CSO Forum officially opens at the 14th UNCTAD Conference
NAIROBI, 16 July 2016– The international civil society is calling upon governments to uphold commitments made during the 2012 UNCTAD Conference in Doha. This came as the Secretary-General of the United Nations Conference on Trade and Development (UNCTAD), Dr. Mukhisa Kituyi, opened the Civil Society Forum yesterday at the Kenyatta International Conference Centre.
In the recent past, Western member states of UNCTAD have come under intense criticism for their sluggishness in supporting the Agency’s initiatives and expanding its roles to cover other areas crucial for the advancement of developing countries. Negotiations in the lead up to UNCTAD XIV have continually exhibited a desire to curtail UNCTAD’s independence and the much needed-balance between the wants of the global North and South.
Over 7,000 delegates are expected to attend the Nairobi Conference of which the Civil Society Forum comprises. This year’s theme is ‘From Decisions to Actions’ and comes on the back of the ratification of the United Nations 2030 Sustainable Development Goals in December 2015. Member states have since made important commitments during the Financing for Development (FfD) process and the 10th Ministerial meeting of the World Trade Organization (WTO).
While opening the Civil Society Forum, Dr. Mukhisa Kituyi, the Secretary-General of UNCTAD, challenged CSOs to maintain the momentum in making their demands as delegates engage in negotiations in the coming week. “There must be greater efforts made towards inclusion of all stakeholders, especially women and youth, if at all we are to achieve the SDGs. There can be no Sustainable Development Goals without the Least Developed Countries,” said Dr. Kituyi.
However concerns have been raised concerning the role that UNCTAD will play in influencing global trade and development in the future as it is gradually relegated to an implementation mechanism for trade agreements.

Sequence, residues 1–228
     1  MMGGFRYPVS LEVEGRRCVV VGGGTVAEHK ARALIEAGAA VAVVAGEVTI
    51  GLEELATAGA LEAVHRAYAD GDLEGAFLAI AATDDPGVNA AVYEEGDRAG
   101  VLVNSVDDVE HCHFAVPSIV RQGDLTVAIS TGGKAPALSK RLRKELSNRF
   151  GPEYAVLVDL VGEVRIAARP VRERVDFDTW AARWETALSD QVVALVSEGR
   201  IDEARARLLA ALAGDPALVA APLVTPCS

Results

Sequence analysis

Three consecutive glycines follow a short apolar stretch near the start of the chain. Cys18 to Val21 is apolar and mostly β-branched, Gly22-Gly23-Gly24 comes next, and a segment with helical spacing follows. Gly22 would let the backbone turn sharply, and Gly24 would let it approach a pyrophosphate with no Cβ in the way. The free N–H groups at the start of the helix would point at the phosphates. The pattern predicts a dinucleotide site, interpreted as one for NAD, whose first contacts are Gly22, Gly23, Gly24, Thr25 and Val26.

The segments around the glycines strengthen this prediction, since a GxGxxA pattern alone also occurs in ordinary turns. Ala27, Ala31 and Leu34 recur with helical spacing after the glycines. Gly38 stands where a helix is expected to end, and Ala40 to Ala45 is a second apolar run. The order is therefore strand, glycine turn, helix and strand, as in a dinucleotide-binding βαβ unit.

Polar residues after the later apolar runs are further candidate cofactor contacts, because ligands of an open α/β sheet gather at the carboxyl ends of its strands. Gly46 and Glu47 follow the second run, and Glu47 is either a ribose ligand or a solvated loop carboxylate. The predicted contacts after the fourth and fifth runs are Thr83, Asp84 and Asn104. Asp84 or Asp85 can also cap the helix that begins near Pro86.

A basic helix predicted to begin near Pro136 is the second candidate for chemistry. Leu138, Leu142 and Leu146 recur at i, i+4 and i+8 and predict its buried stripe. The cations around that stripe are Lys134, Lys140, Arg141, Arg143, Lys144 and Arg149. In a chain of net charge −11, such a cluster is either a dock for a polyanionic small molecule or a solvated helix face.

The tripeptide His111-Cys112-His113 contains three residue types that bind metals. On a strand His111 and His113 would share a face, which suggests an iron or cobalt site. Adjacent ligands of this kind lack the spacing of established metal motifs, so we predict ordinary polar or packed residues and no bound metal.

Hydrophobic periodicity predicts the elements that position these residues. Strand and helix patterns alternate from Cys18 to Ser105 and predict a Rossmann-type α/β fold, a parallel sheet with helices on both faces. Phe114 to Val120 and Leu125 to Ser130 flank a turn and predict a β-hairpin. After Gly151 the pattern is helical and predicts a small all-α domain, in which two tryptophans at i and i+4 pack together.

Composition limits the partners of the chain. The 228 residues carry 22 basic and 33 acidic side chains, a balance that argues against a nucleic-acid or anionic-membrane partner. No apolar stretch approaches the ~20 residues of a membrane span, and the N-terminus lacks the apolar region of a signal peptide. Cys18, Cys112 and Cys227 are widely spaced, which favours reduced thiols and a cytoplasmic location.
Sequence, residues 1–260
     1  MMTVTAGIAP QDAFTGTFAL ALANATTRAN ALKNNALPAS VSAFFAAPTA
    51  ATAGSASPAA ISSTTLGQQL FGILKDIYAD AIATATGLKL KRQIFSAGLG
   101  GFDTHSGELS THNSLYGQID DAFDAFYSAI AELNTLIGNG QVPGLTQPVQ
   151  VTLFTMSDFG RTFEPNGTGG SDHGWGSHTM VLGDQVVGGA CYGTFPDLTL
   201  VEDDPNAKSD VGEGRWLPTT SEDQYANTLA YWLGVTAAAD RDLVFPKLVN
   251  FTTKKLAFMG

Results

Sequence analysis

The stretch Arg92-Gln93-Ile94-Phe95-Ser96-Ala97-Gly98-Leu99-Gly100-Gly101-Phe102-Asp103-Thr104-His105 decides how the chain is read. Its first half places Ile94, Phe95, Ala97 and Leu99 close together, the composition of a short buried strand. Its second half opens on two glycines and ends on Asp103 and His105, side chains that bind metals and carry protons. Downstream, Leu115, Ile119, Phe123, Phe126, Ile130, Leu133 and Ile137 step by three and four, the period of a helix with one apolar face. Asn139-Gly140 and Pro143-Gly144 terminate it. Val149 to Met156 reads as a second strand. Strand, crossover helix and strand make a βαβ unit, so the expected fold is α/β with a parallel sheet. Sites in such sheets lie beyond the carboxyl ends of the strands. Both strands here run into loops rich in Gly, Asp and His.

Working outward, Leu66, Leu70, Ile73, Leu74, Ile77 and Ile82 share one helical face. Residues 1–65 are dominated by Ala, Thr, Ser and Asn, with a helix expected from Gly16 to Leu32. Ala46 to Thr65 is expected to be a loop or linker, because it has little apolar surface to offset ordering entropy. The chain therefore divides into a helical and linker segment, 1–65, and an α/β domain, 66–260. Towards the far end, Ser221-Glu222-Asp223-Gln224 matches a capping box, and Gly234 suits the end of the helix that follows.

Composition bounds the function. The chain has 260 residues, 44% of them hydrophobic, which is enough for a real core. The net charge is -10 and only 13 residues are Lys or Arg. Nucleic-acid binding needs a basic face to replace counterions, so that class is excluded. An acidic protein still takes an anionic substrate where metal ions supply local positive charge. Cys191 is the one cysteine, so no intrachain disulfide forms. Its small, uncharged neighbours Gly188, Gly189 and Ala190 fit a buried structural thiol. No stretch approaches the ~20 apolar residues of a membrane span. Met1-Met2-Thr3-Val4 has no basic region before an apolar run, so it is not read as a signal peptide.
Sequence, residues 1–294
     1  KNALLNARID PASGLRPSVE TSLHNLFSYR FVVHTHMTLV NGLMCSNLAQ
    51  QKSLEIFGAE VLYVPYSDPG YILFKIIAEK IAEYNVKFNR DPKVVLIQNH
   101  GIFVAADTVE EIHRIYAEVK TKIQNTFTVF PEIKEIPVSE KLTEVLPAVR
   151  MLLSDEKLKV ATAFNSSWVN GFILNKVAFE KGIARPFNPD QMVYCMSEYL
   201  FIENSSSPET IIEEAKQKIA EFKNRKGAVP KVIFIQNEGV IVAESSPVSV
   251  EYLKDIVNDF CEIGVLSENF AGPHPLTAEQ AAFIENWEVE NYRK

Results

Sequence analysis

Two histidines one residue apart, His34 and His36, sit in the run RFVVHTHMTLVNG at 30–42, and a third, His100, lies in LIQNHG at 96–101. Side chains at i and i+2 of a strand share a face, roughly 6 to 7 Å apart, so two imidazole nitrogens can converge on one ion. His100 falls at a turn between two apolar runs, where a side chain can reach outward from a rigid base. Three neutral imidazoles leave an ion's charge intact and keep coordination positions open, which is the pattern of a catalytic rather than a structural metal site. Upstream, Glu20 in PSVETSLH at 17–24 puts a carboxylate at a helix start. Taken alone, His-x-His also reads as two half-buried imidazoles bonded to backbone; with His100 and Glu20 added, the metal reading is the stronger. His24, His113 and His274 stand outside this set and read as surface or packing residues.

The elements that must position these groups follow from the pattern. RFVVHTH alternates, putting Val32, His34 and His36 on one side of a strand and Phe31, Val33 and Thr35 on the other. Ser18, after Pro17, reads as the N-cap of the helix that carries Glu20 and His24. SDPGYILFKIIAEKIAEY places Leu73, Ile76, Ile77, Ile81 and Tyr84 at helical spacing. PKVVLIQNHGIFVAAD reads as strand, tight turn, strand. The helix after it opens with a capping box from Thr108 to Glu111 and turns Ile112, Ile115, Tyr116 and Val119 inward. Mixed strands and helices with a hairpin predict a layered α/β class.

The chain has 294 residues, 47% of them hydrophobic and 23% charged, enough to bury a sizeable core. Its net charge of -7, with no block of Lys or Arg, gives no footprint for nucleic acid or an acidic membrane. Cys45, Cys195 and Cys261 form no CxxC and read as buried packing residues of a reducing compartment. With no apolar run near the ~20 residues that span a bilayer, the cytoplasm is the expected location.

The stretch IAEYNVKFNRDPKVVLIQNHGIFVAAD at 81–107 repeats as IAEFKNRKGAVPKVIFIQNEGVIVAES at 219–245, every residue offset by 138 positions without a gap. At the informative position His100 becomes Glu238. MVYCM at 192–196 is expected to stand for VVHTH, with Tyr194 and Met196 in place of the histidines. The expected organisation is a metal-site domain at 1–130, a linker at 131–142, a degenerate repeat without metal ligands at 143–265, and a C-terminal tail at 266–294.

In a letter signed off by 331 global civil society organizations including trade unions, farmers’ organisations and public interest groups, CSOs reiterated that “UNCTAD can play a unique role in the panorama of international economic institutions thanks to its focus on the interdependence of trade, finance, investment, macroeconomics, and technology as they affect the growth and development prospects of developing countries. However, to live up to its name and promises, its role must be development-centred, and not tied to the liberalization goals of other institutions.”
The organisation has also been touted as an invaluable apparatus in providing support to developing countries in using trade for their own development purposes.
“As negotiations begin, we are calling for a mandate that addresses specific constraints of developing countries, adoption of gender-sensitive policies on trade and development, institution of measures that curb the illicit transfer of economic resources from developing countries,” said Alvin Mosioma, Tax Justice Network- Africa’s Executive Director.
“UNCTAD policies are geared towards ensuring unified trade language to curb disparities. It is important that in the coming days, we remind the delegates of the UNCTAD conference of the role of UNCTAD; not only to preserve it but strengthen it as well,” said Eric Le Compte, Executive Director of Jubilee USA Network.
Civil society organisations have over the course of the year attended two hearings at the UNCTAD headquarters in Geneva to which they have made their contributions into the Negotiating Text of the Conference. Final submissions into this document will influence actions post-UNCTAD14.
On Sunday 17 July 2016, CSOs will release the final statement on their standpoint going into the main negotiations as the conference progresses from 17- 22 July.